I have a question for you, and it’s a straightforward one.
Are you a foodie?
Now before you go working yourself up into an excited tizzy, wielding your tender and juicy duck confit like it’s a vicious sword, allow me to take a couple of steps backward for a moment.
Call some people foodies and they’ll likely want to beat you so hard with a turkey leg that your grandchildren will feel it. On the flip side of the crusty buttered bread, say it to others and they’ll want to hug you like you’re the last pack of Twinkies on the shelf.
Foodie is a word that is putrid poison on the lips. It is also sweet music to the ears. How can one word conjure so much emotion—good and bad—amongst the masses?
Since the word foodie first worked its way into our language in the early 80s, it has been beaten to death with a big hairy, sauce-covered stick. We all know what a foodie is (at least we think we do) and the word is thrown about so casually and with alarming regularity that it now sounds oddly disrespectful.
“Oh her, yeah, she’s a foodie. Anyway…”
The Definition of “Foodie”
Merriam-Webster defines foodie as “a person having an avid interest in the latest food fads; a person who enjoys and cares about food very much.”
Dictionary.com regards “a person keenly interested in food, especially in eating or cooking” as a foodie.
“A person with a particular interest in food; a gourmet,” is Oxford Dictionary’s take on a foodie.
While the definition can be sketchy, there appears to be a loose and general consensus for what a foodie is. There are also more, uh, shall we say, colorful meanings as to what constitute a foodie, including these goofy definitions from regular, ordinary John Q. Public citizens on Urban Dictionary.
“A douchebag who likes food.”
“A person who has no actual interests or hobbies.”
“A fat kid pretentious enough to think up a special word to describe their desperate longing for anything to shove down their face. They’ll often claim to be “food enthusiasts” or to have “refined tastes,” but they’re usually lying.”
“A person who enjoys eating food, unlike everyone else, who hates food, thinks it’s disgusting, and would never consider eating it.”
Pretty harsh, right?
So Where Did The Word Foodie Come From?
There are at least two camps of belief when it comes to the etymology of the word foodie, and thus two schools of thought as to whom we can heap copious amounts of praise (or blame, depending on which side of the foodie fence you squat) for the word’s coinage. Etymologist Barry Popik cites two different and distinct sources, separated by the Atlantic Ocean, for the birth of the word: Gael Green in the U.S. and Paul Levy and Ann Barr in London.
In a New York Magazine article (June 2, 1980), Ms. Green wrote,
She offers crayfish with white feet or red…three ways, tends stove in high heels, slips into the small Art Deco dining room of Restaurant d’Olympe — a funeral parlor of shiny black walls and red velvet — to graze cheeks with her devotees, serious foodies, and, from ten on, tout Paris, the men as flashily beautiful as their beautiful women.
Conversely, Mr. Levy and Ms. Barr used the word in the title of their book, The Official Foodie Handbook, published in 1984. In a June 14, 2007 article in The Guardian, Mr. Levy sees things differently.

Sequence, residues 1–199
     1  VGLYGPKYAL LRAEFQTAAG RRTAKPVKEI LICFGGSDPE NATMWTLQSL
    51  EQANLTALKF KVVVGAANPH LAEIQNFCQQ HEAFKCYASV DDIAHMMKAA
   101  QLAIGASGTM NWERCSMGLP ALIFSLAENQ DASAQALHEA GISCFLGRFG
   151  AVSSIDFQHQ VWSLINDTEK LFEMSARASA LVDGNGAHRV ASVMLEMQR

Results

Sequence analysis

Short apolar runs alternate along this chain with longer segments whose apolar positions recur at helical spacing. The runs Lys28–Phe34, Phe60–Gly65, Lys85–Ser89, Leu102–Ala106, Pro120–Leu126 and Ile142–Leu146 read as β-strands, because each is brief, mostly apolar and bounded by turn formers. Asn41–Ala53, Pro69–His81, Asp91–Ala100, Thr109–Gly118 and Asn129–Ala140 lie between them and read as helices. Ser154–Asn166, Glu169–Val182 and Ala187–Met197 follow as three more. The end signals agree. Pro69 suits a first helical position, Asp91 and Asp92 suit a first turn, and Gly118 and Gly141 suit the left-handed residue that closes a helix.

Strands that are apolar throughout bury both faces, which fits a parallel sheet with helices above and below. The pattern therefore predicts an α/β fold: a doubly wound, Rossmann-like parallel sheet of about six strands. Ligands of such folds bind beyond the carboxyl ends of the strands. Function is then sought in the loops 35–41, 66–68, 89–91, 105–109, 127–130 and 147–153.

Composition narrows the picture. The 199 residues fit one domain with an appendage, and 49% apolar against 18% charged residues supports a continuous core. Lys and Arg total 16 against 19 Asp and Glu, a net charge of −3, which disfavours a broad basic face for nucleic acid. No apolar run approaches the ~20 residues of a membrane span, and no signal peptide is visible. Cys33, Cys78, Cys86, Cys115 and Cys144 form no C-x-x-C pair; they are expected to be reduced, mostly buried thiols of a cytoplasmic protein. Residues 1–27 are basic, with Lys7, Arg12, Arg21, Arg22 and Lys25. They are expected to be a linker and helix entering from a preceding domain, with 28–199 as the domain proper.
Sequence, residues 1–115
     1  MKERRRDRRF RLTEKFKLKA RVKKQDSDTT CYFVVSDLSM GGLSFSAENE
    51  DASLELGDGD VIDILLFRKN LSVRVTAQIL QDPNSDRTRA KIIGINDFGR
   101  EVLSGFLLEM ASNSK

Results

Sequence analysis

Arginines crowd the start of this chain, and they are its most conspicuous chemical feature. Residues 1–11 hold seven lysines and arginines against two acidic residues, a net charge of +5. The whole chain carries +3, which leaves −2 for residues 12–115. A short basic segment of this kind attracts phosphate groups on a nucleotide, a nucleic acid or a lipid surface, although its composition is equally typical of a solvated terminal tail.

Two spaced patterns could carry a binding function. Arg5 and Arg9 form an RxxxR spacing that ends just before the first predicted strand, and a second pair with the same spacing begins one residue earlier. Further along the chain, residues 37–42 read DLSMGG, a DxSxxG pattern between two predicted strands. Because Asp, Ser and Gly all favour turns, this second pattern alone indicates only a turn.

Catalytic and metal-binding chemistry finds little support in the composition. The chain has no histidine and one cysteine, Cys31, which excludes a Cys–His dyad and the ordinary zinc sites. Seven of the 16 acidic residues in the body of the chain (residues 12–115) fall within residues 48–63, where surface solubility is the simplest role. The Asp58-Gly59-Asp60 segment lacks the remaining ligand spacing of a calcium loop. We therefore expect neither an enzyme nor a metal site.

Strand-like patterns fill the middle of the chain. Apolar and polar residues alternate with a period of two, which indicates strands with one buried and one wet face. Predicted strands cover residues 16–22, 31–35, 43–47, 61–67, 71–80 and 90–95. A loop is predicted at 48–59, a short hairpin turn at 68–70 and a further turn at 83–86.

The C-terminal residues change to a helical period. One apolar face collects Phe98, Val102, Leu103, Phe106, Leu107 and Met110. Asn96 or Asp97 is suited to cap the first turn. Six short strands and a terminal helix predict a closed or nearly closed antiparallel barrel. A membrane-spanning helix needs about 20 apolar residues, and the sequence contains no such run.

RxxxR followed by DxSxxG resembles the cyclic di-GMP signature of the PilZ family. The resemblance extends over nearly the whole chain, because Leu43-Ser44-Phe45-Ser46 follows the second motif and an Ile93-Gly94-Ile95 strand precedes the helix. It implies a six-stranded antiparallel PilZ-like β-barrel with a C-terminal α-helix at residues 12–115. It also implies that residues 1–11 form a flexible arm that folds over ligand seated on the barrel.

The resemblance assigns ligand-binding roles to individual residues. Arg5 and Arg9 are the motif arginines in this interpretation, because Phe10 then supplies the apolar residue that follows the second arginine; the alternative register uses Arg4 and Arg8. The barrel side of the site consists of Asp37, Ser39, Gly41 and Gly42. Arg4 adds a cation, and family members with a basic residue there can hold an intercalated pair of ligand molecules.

The American food writer, Gael Greene, may have arrived at “foodie” at about the same time, but I’m happy here to stake a formal claim to the word’s paternity.
Is Being a Foodie a Bad Thing?
Well, the answer to that question depends wholly on who you ask. Some people actually self-identify as a foodie. Not I, said Valerie. While I do enjoy food (immensely, I might add), I no longer call myself a foodie; I’m simply a woman who has an appreciation for delicious food (and drink) – I eat (and drink) it, I savor it, I write about it. To refer to oneself as a foodie sounds, well, a bit pretentious. True, there are other words that could stand in admirably for foodie: gastronaut, epicure, gourmand, in certain circles ‘glutton,’ etc., but you won’t find those words spilling from my mouth, either (well, at least as it applies to myself).
As ubiquitous and pervasive as the word foodie is, there are those who proudly stand behind the title. And you know what? That’s perfectly okay. True foodies beat a fast path to the newest restaurants to taste the latest gastronomic sensations. They know the places to eat and are keen to chummy up to chefs and others in the industry. They are infatuated with food. Food is almost always on their radar. They take pictures of every dish known to man that they come across—the good, the bad and the ugly—and share it with the world (or at least on Instagram). (See sidebar and my admission of guilt).
But enough about me.
In and of itself, being a foodie is not a bad thing. To some extent, there’s a little bit of foodie in all of us. We all eat, right? Food sustains us and we eat it to keep our bodies running like a well-oiled machine. That entails, at some minimalist level, the desire for food, even if actually enjoying it and the act of eating is low on the totem pole.
Long live foodies! Foodies are here to spread the good word about food … on blogs (yes, I have one of those), Instagram, Twitter, Tumblr … oh hell, EVERYwhere! And that is a very good thing indeed. Foodies can teach us all a thing or two: about how to embrace the food we eat, about trying new things, about social engagement and about being excited about food.
Not everyone is or can be a full-on foodie. For some, food is a means to an end, while for others, it is the be-all and end-all.
Now I come back to my original question. [Feel free to elaborate in the comments section]
Hey, if the fork fits . . .